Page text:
The trade war effect is less obvious, but nonetheless real. Tariffs are taxes paid by buyers of the goods, and an expectation of an increase can be expected to cause increased buying, and reported economic growth. That seems to have happened both in the United States and abroad, as buyers feared both higher tariffs on United States imports – imposed by the Trump administration – and on U.S. exports, imposed by other countries in retaliation.
But that stimulus had to be temporary. Sales that would have been made later happened sooner, and therefore were not made when they otherwise would have been.
In the current earnings season, companies are scaling back investor expectations. We think that is simply the beginning of a needed adjustment to expectations for profits growth over the next few years. Barring a second slashing of corporate taxes, there will be no gains due to less money sent to the government. There is no way to know how a trade war will play out, but some companies fear they will be casualties.
Much more important, at some point investors will have to come to grips with the fact that the top line growth rate for the U.S. economy is bound to slow, given its current dependence on well-above-sustainable growth for employment.
Are we being too pessimistic? We certainly acknowledge that productivity gains are nearly impossible to forecast. So a spontaneous surge, despite the absence of the hoped for surge in investment, cannot be ruled out. But absent that kind of event, we dismiss as nonsense the notion that today’s top line trajectory can continue, with strong jobs growth as one of its key inputs.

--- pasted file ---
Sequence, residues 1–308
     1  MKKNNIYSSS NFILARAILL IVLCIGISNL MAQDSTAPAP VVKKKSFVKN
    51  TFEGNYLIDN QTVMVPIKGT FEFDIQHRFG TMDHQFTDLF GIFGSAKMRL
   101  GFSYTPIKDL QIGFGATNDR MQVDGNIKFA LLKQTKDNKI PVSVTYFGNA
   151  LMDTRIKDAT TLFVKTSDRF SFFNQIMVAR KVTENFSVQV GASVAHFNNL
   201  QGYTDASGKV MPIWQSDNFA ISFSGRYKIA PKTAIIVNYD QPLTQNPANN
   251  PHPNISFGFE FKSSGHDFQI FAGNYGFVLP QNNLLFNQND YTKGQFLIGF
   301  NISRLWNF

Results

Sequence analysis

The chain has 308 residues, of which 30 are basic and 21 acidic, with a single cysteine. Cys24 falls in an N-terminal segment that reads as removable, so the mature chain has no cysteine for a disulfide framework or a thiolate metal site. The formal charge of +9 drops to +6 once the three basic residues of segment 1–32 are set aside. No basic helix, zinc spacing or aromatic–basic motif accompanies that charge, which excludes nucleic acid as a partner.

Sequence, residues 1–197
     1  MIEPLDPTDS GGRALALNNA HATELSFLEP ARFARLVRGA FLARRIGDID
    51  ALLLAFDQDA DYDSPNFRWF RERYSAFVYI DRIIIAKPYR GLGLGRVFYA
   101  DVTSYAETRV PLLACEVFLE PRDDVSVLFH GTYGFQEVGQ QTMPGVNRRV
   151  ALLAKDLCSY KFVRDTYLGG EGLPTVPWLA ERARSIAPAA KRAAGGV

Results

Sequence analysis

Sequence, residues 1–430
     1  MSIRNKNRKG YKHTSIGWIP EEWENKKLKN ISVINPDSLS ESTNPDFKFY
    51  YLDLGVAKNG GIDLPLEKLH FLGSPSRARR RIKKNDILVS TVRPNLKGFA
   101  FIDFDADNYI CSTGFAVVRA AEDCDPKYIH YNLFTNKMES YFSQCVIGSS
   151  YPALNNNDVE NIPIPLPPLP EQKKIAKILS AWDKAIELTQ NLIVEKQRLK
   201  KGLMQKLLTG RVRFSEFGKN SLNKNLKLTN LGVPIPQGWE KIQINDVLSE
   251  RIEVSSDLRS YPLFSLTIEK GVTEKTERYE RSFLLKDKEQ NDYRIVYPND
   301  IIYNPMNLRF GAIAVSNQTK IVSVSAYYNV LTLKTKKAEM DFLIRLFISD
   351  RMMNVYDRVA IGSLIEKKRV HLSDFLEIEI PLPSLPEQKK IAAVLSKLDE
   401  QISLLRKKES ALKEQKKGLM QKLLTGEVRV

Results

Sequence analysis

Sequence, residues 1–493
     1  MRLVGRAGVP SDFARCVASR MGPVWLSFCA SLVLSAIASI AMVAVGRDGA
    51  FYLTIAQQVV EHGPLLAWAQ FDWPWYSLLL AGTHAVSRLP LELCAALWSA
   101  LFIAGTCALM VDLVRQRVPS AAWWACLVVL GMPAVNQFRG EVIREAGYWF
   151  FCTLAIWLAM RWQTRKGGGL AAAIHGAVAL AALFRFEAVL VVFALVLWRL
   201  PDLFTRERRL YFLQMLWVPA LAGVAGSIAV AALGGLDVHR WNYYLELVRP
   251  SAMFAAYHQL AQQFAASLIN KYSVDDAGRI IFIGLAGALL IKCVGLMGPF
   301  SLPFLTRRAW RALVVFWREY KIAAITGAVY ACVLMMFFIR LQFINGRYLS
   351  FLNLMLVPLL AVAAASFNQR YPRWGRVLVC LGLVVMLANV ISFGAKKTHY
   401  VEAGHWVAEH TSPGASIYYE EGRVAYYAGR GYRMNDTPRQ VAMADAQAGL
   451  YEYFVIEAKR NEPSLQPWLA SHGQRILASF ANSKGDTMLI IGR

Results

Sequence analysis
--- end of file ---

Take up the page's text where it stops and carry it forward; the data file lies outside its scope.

In our post Oct. 5, we pointed out that extending the present trajectory to the eve of the next Presidential election would put the jobless rate at 2.7%, a rate we saw as quite unlikely to come into view. Shares, in theory at least, discount the long term, which is why analysts often offer 5-year earnings growth expectations. So we note that a 5-year extension of 2018 trajectories would put the jobless rate at 0.7%. Anyone willing to wager about that eventuality can contact us, we will give you great odds. And, to state the brutally obvious, there is a zero bound issue.
To state an additional obvious point, falling joblessness does shift negotiating leverage to workers from managers, irrespective of discussions of the slope of today’s Phillips curve. Amazon’s decision to raise hourly pay will certainly be oft repeated if there is a steady fall for joblessness from today’s level.
This week the government reported that wages in the private sector were 3% higher in the third quarter than they had been a year earlier. That was the largest annual increase in a decade.
Of course, a surge of available workers could help to offset such wage pressures. The only possible source of such a surge in immigration. President Trump has made his position clear on that.
In sum, without any mention of central bank decision making or mushrooming trade tensions, we see the zero bound for the unemployment rate, superimposed upon margin pressures, as sufficient to force a rethink of prospective earnings growth.
Herb Stein, the chairman of the Council of Economic Advisors under Presidents Nixon and Ford, once observed that “If something cannot go on forever, it will stop.”